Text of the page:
Education Commentary

Seeking Customer Satisfaction

October 01, 1997 4 min read
An experiment to quell public skepticism about public schools

It is sometimes dangerous in education circles to talk about customer service. I often hear that we can’t do that because there is uncertainty about who the customer is. Is the customer the students? The parents of our students? Or is the customer the taxpayers?

To which I say: Yes. The goal should be to treat all of them, particularly parents, as valued customers.

In Rochester, N.Y., we’re trying to make sure we keep the customer in mind by acting as if our job depends on their satisfaction. Because it does.

While there is great public demand for making schools better, there is also growing skepticism about the ability of public schools to deliver. I believe this skepticism is behind rising public interest in home schooling, in charter schools, and in vouchers that would provide parents money to pay for their child’s tuition in private or parochial schools.

I have no crystal ball. I don’t know how this debate will eventually come out. But, in Rochester, I believe we can compete by doing what we do best--providing a high-quality education to every one of our 37,000 students, and treating each of their parents as a valued customer who needs to be listened to.

In collaboration with the Rochester Teachers Association, we have just developed a customer-satisfaction survey--a “parent input form"--that every parent will get to fill out in February on each of his or her child’s teachers. The 19-question parent survey asks about parent-teacher communications, about the home involvement of teachers, and about the support and feedback they receive from teachers about their child’s progress. (“Parents in N.Y. District To Critique Teachers,” Sept. 17, 1997.)

The survey was developed by a committee of teachers, parents, a principal, and representatives of the district’s central office. Here are four of the survey items; each can be answered by checking a box marked “usually,” “sometimes,” “rarely,” “don’t know,” or “doesn’t apply":

  • The teacher makes clear what my child is expected to learn in this class.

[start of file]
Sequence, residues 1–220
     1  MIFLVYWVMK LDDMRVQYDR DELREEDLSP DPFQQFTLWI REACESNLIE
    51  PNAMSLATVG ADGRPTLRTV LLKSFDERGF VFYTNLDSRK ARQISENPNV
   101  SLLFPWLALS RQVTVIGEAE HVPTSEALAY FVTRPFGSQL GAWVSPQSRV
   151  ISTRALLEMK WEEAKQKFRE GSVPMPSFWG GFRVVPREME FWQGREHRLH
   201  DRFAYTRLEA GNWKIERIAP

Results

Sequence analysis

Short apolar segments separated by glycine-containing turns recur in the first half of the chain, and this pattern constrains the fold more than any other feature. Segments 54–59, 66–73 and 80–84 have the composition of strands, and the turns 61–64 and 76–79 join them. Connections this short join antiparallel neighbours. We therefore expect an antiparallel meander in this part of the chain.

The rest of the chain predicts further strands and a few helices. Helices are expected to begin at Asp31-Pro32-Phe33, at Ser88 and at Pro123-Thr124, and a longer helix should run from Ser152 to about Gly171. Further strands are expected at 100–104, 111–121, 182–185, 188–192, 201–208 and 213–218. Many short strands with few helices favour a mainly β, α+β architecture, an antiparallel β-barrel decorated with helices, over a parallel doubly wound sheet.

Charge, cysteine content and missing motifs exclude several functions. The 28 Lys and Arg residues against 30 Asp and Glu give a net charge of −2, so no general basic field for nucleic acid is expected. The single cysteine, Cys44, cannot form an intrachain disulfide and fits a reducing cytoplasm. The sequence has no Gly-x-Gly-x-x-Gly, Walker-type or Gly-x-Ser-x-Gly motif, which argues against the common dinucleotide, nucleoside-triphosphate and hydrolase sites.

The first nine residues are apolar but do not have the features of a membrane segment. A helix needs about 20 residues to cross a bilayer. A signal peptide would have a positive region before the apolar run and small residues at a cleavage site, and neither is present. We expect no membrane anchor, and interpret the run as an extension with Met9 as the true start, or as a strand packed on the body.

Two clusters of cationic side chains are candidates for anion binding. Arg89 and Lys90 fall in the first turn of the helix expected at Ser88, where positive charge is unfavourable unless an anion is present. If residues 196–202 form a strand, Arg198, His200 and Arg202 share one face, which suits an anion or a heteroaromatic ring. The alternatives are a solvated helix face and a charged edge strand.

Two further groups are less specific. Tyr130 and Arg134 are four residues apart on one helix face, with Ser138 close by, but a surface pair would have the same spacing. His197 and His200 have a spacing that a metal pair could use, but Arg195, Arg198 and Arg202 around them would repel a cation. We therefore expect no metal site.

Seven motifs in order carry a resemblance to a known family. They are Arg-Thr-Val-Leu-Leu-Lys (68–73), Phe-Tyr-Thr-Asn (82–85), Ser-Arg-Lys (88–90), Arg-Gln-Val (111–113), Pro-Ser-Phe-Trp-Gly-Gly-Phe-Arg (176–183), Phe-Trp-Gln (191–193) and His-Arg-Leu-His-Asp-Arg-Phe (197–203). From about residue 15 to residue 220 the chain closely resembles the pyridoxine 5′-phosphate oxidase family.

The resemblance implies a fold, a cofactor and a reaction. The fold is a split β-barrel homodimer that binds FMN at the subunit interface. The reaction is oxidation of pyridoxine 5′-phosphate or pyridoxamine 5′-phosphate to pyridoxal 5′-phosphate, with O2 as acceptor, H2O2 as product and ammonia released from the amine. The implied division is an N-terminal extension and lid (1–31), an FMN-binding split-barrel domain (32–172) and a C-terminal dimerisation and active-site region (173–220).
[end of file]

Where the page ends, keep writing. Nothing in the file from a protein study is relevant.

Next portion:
• The teacher deals with me in a fair and respectful manner.
  • As needed, the teacher and I develop a cooperative strategy to help my child.
  • The teacher encourages my child to work hard to succeed.

The responses will go directly to the teachers, although parents will also have the opportunity to send their customer-satisfaction surveys along to school principals. If they choose to, Rochester teachers can bring this parent-satisfaction information into their annual evaluation process, as can their principals. Our goal is to put good customer-satisfaction data in the hands of each of our teachers. We want them to know, as any good professional wants to know, how parents feel about the jobs they are doing.

Our goal is to put good customer-satisfaction data in the hands of each of our teachers.

This is not a mere exercise in involving parents but an effort to get them more engaged in their child’s education. This is about keeping our organization and our work focused on what parents care about most--students meeting high standards. Over the past couple of years, the Rochester schools have become very focused, and we are seeing results.

In 1995, we announced a series of performance benchmarks--goals--for the schools and the community to tackle to improve learning and outcomes for our students. The benchmarks provided a focus. For example, the first three benchmarks focus on reading, writing, and mathematics. We will announce our latest progress this month, but in each of these areas, students are making significant gains, in some cases exceeding tough targets.

Those performance benchmarks grew out of listening to the Rochester community--to parents, to students, to teachers, to taxpayers, to politicians. And this listening is at the heart of customer service.

We are now in the process of using professionally run “focus groups” to understand how our community feels about our benchmarks, to understand what revisions they want after two years. We are asking them if we are concentrating on the right priorities.

As one of the authors of those benchmarks, I’m hoping the answer is yes. But we need to regularly check to be sure our customers are convinced we are doing the right things, and regularly make adjustments in areas where they believe we are falling short.

This work is easy, but not always comfortable. We all like to hear praise, but most of us don’t much care for criticism, even the constructive kind and even when we know it is justified. Yet it is imperative that we listen to parents as they provide input into the evaluation of teachers. And in Rochester we are listening to more than the parents. We also are developing a survey that will go to every teacher asking them to answer a series of questions about their administrators. Meanwhile, my own performance as superintendent is judged publicly by an elected school board, which is in turn accountable to the voting public.

And that is how it should be. After all, we have to remember that our customers are the folks who provide the resources to operate the school system. If they’re not satisfied, we need to know it. And we need to make whatever changes are necessary to make sure the children of our city get the education they deserve--and the education that parents or the taxpayers have a right to expect.

Clifford B. Janey is the superintendent of the Rochester City School District in Rochester, N.Y.